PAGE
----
NEWS | 11 November 2019

HAPP-e study launched – We are looking forward to your participation!

Born too soon? We need your input: As part of the RECAP-preterm project, our colleagues at ISPUP just launched HAPP-e!

HAPP-e is the acronym for “Health of Adult People born Preterm – an electronic cohort pilot study”. We are inviting adults with a history of preterm birth to be part of an innovative way of doing research. Click on the image below to find out more about the study and to complete the HAPP-e questionnaire. Filling out the questionnaire requires only a little bit of your time and may provide enormous insight for future generations. Thank you!

EVENT | 29 November - 03 December 2020

Save the date: Winter School 29 November – 03 December 2020

Winter School in Munich, Germany (Castle Fürstenried), from 29 November – 03 December 2020

„Collaborative research on very preterm birth: concepts and methods – working with the RECAP preterm Data Platform”

This Winter School will provide young researchers with an overview of very-preterm cohorts and collaborative research principles and techniques. 



NEWS | 13 August 2019

Marit Indredavik receives ‘The King’s Medal of Merit’ – Congrats!

On August 13th 2019, RECAP team leader Marit Sæbø Indredavik from the Department of Clinical and Molecular Medicine at NTNU (Norway) was awarded the prestigious ‘King’s Medal of Merit’ for her work and achievements in the medical field. We wholeheartedly congratulate her to these royal honours!

Our vision

Improve health, development and quality of life of babies born preterm

Although very preterm or very low weight births constitute fewer than 2% of all births across Europe, they account for up to half of perinatal and infant deaths, children with impairments and disabilities and more than a third of the health and educational budgets for children.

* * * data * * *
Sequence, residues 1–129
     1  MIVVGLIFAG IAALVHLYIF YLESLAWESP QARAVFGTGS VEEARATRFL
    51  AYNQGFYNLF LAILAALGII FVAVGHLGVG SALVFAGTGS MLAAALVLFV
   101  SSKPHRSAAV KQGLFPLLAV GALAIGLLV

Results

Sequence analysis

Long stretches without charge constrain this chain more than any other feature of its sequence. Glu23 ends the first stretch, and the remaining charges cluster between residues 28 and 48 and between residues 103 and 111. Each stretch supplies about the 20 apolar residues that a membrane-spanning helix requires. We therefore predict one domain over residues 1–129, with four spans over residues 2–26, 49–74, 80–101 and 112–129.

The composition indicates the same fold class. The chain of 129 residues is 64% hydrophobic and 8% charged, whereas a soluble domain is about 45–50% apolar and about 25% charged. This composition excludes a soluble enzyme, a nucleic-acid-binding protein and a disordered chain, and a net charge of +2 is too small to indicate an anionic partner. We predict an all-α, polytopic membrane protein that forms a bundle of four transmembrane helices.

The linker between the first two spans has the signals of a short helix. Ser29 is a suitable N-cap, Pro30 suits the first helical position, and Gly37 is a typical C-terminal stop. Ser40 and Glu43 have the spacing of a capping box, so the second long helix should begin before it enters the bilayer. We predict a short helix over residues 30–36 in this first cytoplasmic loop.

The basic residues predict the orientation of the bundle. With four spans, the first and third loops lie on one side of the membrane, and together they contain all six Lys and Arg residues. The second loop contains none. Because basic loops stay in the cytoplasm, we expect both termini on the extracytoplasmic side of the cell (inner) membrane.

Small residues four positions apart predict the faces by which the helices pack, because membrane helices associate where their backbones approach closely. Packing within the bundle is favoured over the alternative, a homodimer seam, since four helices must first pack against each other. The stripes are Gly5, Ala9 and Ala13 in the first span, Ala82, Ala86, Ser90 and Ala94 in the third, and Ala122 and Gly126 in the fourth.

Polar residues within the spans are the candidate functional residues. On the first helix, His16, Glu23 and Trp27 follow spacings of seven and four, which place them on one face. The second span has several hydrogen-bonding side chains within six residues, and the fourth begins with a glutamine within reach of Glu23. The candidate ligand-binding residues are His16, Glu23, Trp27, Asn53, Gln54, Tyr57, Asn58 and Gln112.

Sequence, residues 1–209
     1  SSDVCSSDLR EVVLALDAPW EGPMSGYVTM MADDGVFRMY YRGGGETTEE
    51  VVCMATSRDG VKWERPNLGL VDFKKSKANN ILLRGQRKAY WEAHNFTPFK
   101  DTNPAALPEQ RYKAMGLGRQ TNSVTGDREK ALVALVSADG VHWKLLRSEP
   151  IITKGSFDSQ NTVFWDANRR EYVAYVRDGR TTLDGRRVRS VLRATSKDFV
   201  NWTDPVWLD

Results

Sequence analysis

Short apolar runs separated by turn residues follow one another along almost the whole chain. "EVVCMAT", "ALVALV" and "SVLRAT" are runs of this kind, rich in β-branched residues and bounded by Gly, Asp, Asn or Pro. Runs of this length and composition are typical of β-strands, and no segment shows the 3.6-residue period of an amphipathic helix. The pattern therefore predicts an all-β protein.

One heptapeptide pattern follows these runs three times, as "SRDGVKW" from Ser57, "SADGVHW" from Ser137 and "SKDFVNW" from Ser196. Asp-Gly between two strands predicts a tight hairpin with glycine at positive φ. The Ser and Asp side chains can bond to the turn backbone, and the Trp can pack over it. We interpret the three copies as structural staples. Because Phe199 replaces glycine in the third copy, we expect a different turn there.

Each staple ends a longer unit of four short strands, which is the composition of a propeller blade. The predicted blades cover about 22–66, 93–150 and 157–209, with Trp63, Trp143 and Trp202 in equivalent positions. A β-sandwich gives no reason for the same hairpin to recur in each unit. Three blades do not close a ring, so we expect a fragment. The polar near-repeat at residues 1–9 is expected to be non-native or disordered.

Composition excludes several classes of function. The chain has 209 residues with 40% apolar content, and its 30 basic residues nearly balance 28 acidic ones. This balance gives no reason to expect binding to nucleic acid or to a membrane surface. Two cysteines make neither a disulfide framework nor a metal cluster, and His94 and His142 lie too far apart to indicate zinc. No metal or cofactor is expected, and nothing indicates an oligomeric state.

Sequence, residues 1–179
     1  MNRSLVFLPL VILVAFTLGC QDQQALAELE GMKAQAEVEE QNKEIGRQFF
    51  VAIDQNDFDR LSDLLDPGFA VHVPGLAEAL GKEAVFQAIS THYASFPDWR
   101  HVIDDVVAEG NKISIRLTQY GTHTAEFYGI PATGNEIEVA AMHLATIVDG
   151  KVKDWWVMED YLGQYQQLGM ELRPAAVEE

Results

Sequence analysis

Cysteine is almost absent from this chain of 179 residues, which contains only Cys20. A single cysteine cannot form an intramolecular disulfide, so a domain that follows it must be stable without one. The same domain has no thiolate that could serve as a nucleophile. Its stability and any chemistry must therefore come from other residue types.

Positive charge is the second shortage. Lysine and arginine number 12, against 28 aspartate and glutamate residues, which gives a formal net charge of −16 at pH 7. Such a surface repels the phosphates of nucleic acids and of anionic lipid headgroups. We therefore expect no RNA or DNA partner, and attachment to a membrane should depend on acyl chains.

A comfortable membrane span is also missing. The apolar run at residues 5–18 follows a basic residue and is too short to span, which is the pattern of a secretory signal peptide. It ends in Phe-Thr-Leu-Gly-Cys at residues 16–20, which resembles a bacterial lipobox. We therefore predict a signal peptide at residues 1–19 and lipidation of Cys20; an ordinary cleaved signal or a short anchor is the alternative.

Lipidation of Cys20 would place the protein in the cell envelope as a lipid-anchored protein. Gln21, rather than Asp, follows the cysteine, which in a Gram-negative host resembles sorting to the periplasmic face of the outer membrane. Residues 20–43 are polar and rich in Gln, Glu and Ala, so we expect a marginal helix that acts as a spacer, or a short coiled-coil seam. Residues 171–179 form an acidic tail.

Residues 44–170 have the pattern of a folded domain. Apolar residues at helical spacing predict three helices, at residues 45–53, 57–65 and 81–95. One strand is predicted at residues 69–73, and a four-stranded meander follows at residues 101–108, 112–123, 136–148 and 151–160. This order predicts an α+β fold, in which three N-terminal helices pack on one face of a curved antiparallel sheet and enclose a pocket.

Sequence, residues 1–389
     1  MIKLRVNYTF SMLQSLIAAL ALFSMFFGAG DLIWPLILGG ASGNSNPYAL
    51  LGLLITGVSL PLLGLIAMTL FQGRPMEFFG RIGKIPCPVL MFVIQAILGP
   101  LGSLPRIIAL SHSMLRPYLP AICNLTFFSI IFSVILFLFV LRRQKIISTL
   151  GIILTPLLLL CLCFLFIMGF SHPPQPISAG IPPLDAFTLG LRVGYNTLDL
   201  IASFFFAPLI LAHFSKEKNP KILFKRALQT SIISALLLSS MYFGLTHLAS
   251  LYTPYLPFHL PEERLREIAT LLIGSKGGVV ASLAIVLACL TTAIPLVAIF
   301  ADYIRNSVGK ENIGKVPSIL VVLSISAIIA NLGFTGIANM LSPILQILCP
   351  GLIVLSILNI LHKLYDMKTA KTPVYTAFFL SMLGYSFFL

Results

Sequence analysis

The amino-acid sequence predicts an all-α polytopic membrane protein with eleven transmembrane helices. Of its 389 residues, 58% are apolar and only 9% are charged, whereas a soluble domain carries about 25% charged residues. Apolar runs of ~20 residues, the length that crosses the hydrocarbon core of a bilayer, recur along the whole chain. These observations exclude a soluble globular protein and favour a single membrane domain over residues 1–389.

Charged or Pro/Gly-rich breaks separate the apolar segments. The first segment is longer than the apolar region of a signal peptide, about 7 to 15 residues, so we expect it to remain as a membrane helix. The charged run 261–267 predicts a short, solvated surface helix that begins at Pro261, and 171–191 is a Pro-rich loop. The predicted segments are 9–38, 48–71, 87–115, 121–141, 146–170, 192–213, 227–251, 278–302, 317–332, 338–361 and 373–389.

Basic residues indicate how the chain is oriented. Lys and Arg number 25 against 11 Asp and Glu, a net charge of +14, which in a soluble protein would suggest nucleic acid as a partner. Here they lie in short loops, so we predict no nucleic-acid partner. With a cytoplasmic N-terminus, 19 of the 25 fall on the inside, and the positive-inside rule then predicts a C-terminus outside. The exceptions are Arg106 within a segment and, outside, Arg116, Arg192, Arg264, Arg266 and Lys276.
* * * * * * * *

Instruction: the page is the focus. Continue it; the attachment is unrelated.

In addition to the increased risk for physical impairments, babies born the earliest and the smallest are also at higher risks of psychological and social problems than infants born at term. The RECAP preterm Project aims to understand the causes of these difficulties faced by very preterm children and adults in order improve the health, development and quality of life of these individuals.

Why is this important?

A strong and unique network

Extensive cohort studies and the collation of large amounts of data

The key to finding the causes as well as the treatment and prevention options for preterm babies lies in extensive cohort studies and the optimal use of of large amounts of data on very children. The RECAP preterm Project aims at using these two elements to discover new pre- and postnatal risk factors.

In order to reach this goal, we will set up the RECAP preterm Cohort Platform, a unique and powerful network of experts from various disciplines as well as parent and patient organizations. The network includes the major longitudinal studies in Europe and around the world and will assemble massive amounts of data that will reflect broad geographic, cultural and health system diversity.

Learn more